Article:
Rob Burns

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Rob Burns
Rob Burns recording in London, 1971
Background information
Birth name Robert George Henry Burns
Born (1953-02-24) 24 February 1953 (age 64)
Willesden, London, England
Genres Pop, rock, Jazz, Country, R&B
Occupation(s) Musician, arranger, author, lecturer
Instruments Bass guitar
Years active 1972–present
Notable instruments
Wal basses

Rob Burns (born Robert George Henry Burns, 24 February 1953), earlier also known as Robbie Burns, is an English/New Zealand bass player, author and academic. Dr. Burns' career spans four decades, encompassing the varied musical genres of Pop, Rock, R&B, Soul, Jazz, Gospel, Folk and Country. From the late 1970s until 1999 he toured and worked several sessions a week for artists of international fame, as well as for many major British TV shows, before embarking upon an academic career.[1] Burns earned a PhD in music from the University of Otago in 2008 and has published work in several academic publications. He resides in Dunedin, New Zealand and gained citizenship of New Zealand on 4 June 2014.

Early life[edit]

The only child of George and Doris Burns, Robert Burns was born in Willesden, London. When he was four years old, the family moved to the new town of Hemel Hempstead, some 27 miles (43 km) north-west of central London, where he attended Blessed Cuthbert Mayne School, St. Albert the Great and Hemel Hempstead Grammar School (now Hemel Hempstead School).



Burns began his career as a professional musician in Britain in the early 1970s, performing as a touring bass guitarist for visiting major American soul artists Sam and Dave, Isaac Hayes, The Stylistics and Edwin Starr.

Live performances and touring continued with jazz trumpeter Ian Carr (author of biographies of Miles Davis and Keith Jarrett) as a member of Carr's band, Nucleus, and an appearance in 1981 with Morrissey-Mullen.[2] Burns also worked with Christian singer Garth Hewitt[3] and performed on two world tours as musical director for Eric Burdon of The Animals between 1982 and 1987, appearing on his 1985 That's Live album.[4] Between 1989 and 1996, he played the bass in the Dolphins[5] with Robin Lumley of Brand X, Willie Wilson of Sutherland Brothers and Quiver, and Pink Floyd guitarist and vocalist David Gilmour, within whose ranks Clem Clempson and Mick Ralphs would come to jam in the band's fluid line-up. Burns also performed live with James Burton, Frank Gambale and Albert Lee during this period.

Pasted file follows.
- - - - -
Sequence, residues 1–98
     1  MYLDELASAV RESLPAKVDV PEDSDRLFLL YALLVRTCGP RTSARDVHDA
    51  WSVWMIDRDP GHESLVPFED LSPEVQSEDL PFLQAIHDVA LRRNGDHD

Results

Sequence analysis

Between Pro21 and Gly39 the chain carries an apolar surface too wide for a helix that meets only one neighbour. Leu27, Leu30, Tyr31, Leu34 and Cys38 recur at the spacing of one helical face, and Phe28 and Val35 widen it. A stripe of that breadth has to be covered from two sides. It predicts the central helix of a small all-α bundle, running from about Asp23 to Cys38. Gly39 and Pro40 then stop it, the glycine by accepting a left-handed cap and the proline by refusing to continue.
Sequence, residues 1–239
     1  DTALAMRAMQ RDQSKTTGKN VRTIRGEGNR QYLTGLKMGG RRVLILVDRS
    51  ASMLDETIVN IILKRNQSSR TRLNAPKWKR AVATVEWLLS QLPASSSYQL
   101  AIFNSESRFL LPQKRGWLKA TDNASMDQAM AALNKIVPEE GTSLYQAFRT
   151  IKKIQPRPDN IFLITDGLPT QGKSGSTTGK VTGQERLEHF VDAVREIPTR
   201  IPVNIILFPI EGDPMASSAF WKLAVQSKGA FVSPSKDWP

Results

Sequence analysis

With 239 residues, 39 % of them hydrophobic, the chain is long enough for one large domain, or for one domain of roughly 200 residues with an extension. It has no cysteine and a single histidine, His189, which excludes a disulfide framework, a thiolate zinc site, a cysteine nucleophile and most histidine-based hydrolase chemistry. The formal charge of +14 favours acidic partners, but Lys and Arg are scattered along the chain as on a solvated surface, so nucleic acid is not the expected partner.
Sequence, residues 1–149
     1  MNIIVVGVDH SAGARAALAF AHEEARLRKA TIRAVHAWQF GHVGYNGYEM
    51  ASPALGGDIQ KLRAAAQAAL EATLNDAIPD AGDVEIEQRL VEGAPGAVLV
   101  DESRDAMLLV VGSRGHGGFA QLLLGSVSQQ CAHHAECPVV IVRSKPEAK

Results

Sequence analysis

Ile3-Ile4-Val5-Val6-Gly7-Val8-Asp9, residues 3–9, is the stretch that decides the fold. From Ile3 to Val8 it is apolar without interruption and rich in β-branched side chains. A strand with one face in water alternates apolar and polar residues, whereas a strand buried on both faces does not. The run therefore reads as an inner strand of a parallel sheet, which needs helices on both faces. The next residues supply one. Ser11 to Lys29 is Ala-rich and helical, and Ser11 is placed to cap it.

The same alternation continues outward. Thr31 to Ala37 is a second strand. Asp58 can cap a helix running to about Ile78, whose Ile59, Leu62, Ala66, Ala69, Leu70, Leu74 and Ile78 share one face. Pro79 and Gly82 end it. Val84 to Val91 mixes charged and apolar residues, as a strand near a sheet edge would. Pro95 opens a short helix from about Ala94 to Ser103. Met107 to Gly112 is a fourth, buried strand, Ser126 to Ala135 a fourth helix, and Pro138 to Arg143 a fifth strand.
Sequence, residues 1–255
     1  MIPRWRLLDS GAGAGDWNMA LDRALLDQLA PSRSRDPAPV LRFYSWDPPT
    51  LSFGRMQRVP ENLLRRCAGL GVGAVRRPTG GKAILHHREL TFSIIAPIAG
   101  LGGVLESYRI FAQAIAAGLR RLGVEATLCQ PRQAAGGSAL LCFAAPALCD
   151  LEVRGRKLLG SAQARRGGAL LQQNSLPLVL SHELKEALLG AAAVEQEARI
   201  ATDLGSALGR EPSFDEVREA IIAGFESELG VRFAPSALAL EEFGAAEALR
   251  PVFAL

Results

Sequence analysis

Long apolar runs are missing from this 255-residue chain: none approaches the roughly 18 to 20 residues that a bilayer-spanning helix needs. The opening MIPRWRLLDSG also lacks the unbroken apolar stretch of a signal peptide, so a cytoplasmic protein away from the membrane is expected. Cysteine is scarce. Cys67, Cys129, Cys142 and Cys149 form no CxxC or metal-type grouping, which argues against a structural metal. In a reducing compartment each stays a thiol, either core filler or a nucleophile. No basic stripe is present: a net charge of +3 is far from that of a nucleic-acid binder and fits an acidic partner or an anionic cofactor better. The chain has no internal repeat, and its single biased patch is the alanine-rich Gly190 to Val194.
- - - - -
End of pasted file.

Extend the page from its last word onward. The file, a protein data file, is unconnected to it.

Burns became a studio bass guitarist in the 1980s and recorded for Jon Lord and Ian Paice of Deep Purple for their Paice, Ashton and Lord project, Donna Summer, Atomic Rooster, Zoot Money's Big Roll Band and Vivian Stanshall of The Bonzo Dog Band (including the track "(There's) No Room To Rhumba In A Sports' Car" on the NME 1990 compilation album in aid of the Nordoff-Robbins Music Therapy charity).[6] He appeared on Jerry Donahue's solo album Neck of the Wood,[7] David Wilcox's Bad Reputation and Arthur Louis' Back From Palookaville.[8] Burns also arranged songs for Chris Martin in his pre-Coldplay era of the mid-1990s.[9]

In 2001, Burns joined ex-David Bowie musician Robin Lumley in the formation of a band called SETI, including drummer Graeme Edge of the Moody Blues and Rod McGrath (former cellist in the WASO and LSO), being an attempt to integrate of the styles of Classical cello and a Rock band. Despite a prolonged period of inactivity, due in part to Burns’ move to New Zealand, the SETI project is described as “ongoing”.[10] In 2011, Burns traveled to Toronto to play on Canadian artist/musician Martin Springett's album, Diving Into Small Pools.[11]

Film and Television[edit]

He has played on several major television and film soundtracks including Not the Nine O'Clock News, Three of a Kind, The Lenny Henry Show, Alas Smith and Jones, Red Dwarf,[12] Blackadder, Mr. Bean, A Perfect Spy, 2.4 Children and French and Saunders. During this time, Burns became a mainstay of composer Howard Goodall's "TV" Band.

In 1987, he formed Robert Burns Music and composed film and advertising music for MTV, DeBeers Diamonds, The Sunday Times, Coca-Cola, McDonald's, IBM, P and O Cruises and British Aerospace.


In 1979, Burns was invited to perform in the West End production of the rock opera Tommy, by its composer Pete Townshend of the Who, and in 1984 joined the Abbacadabra musical, working with Elaine Paige for Bjorn Ulvaeus and Benny Anderson of ABBA and Sir Tim Rice.

Following on from his work on British TV comedy shows, Burns played bass in subsequent theatre productions, namely the "Rowan Atkinson in Revue" tour (1981), which won an Olivier Award, and "Not in Front of the Audience" with the Not the Nine O'Clock News cast in London (1982).